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Critical Health Economics and Outcomes Research (HEOR) Analytics for the Parkinson’s Disease Ecosystem
Real-World Evidence (RWE) to Understand the Impact of Pimavanserin vs. Other Antipsychotics in Parkinson's Disease Psychosis (PDP): A Medicare Study Analysis

January 25th, 20244 min read
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It is extremely satisfying when we are able to help our clients impact the world in a positive way through the Health Economics and Outcomes Research (HEOR) space. When we started Anlitiks, we sought to create a platform that would help optimize efficiency for Real-World Evidence (RWE) generation, market access, and HEOR-related activities.

Here is a summary of the research report in plain language:

Navigating the world of medication options for Parkinson’s Disease Psychosis (PDP) can be challenging, especially for older patients. The study sheds light on this issue, focusing on the effects of different antipsychotic medications on Long-Term Care Admissions (LTCA). This blog delves into the details of this crucial research.

The Study: A Closer Look

The study used a comprehensive US Medicare sample, including Medical claims and Pharmacy claims data spanning from 2013 to 2019. The primary aim was to compare the long-term care admission rates among patients aged 65 or older with Parkinson’s Disease Psychosis (PDP). The focus was on those initiated on Pimavanserin – the only FDA-approved Atypical Antipsychotic for Parkinson’s Disease Psychosis (PDP) – and other Atypical Antipsychotics, notably Quetiapine, which is often used off-label. The study  suggested that starting Pimavanserin early may delay as well as reduce Long-Term Care Admissions (LTCA) among Medicare beneficiaries with Parkinson’s Disease Psychosis (PDP) compared to Quetiapine.

Methodology: Matching for Accuracy

To ensure a fair comparison, researchers meticulously matched individuals based on 31 different factors, including age, sex, race, region, and various comorbid health conditions. This approach resulted in two evenly matched groups, each comprising 842 patients, one treated with Pimavanserin and the other with Quetiapine.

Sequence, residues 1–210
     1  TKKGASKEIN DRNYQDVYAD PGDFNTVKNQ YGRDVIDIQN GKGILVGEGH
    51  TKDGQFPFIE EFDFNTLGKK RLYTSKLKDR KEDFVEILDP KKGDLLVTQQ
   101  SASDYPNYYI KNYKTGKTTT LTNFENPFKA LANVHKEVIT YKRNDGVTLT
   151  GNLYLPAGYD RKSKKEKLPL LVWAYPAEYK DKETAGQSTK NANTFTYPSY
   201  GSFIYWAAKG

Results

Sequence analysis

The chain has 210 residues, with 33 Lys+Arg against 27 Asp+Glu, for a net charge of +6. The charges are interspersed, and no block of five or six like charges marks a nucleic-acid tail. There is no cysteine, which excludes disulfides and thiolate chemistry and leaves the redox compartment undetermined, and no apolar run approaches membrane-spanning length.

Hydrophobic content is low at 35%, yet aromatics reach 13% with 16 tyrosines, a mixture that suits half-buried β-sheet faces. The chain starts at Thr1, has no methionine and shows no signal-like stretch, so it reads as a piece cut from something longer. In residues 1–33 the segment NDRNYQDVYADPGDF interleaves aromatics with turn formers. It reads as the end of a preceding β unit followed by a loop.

Findings: A Comparative Analysis

The results were eye-opening. Patients treated with Pimavanserin displayed significantly lower rates of all-cause Long-Term Care Admissions (LTCA) (23.2% vs. 33.8%) and Skilled Nursing Facilities Stays (20.2% vs. 31.4%) compared to those on Quetiapine. The hazard ratios were equally telling, indicating a 22% lower risk of Skilled Nursing Facilities Stays and a 20% lower risk for overall Long-Term Care Admission (LTCA) for patients on Pimavanserin compared to Quetiapine.

We are very proud to announce that the scientific manuscript of this study, sponsored by Acadia Pharmaceuticals, has been published in the Journal of Comparative Effectiveness Research. The manuscript, along with references, can be accessed online here:

Implications: The Benefits of Pimavanserin

These findings suggest that starting Pimavanserin early in the treatment of Parkinson’s Disease Psychosis (PDP) could delay and reduce the need for Long-Term Care among Medicare beneficiaries. This is a significant insight, considering the physical, emotional, and financial burdens associated with Long-Term Care. The study also found that the results for Pimavanserin versus other Atypical Antipsychotics were similar to those observed in the Pimavanserin versus Quetiapine comparison, further bolstering the potential benefits of Pimavanserin in managing Parkinson’s Disease Psychosis (PDP).

Final Thoughts: A Step Forward in Parkinson’s Disease Psychosis (PDP) Management

This study is a milestone in understanding the impact of different antipsychotics on the Long-Term Care needs of older Parkinson’s Disease Psychosis (PDP) patients. It highlights the importance of choosing the right medication, not only for symptom management but also for reducing the likelihood of Long-Term Care Admissions (LTCA). For patients, caregivers, and healthcare professionals, these insights are invaluable in making informed decisions about Parkinson’s Disease Psychosis (PDP) treatment.

As we continue to explore the complexities of Parkinson’s Disease Psychosis (PDP) and its management, studies like this offer hope and guidance, paving the way for improved patient care and quality of life.

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